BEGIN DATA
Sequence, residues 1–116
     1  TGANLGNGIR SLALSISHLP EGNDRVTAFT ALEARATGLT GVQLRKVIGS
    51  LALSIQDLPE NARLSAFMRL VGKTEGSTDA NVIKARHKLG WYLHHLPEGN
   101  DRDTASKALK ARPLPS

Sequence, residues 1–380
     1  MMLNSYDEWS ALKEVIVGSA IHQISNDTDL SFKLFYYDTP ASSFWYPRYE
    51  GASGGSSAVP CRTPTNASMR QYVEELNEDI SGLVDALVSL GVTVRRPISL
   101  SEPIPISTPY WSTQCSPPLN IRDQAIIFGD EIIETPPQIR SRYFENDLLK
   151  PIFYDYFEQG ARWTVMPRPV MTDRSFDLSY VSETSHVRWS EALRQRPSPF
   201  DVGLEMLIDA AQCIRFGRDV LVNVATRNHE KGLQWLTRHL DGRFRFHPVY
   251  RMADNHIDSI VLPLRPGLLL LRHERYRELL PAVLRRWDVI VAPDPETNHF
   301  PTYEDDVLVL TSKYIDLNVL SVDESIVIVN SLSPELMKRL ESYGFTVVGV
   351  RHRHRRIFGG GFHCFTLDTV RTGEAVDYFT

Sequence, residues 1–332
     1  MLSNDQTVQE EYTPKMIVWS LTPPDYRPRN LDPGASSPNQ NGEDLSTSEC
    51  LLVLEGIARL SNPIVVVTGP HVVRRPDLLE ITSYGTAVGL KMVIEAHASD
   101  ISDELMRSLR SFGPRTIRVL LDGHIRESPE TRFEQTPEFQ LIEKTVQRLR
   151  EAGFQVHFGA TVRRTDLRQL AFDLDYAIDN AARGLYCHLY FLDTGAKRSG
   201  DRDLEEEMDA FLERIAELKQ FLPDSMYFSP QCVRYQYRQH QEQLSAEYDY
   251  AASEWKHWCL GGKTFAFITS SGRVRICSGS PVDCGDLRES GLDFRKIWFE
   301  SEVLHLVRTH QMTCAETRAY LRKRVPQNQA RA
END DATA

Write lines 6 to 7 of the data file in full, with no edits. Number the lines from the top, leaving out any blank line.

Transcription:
     1  MMLNSYDEWS ALKEVIVGSA IHQISNDTDL SFKLFYYDTP ASSFWYPRYE
    51  GASGGSSAVP CRTPTNASMR QYVEELNEDI SGLVDALVSL GVTVRRPISL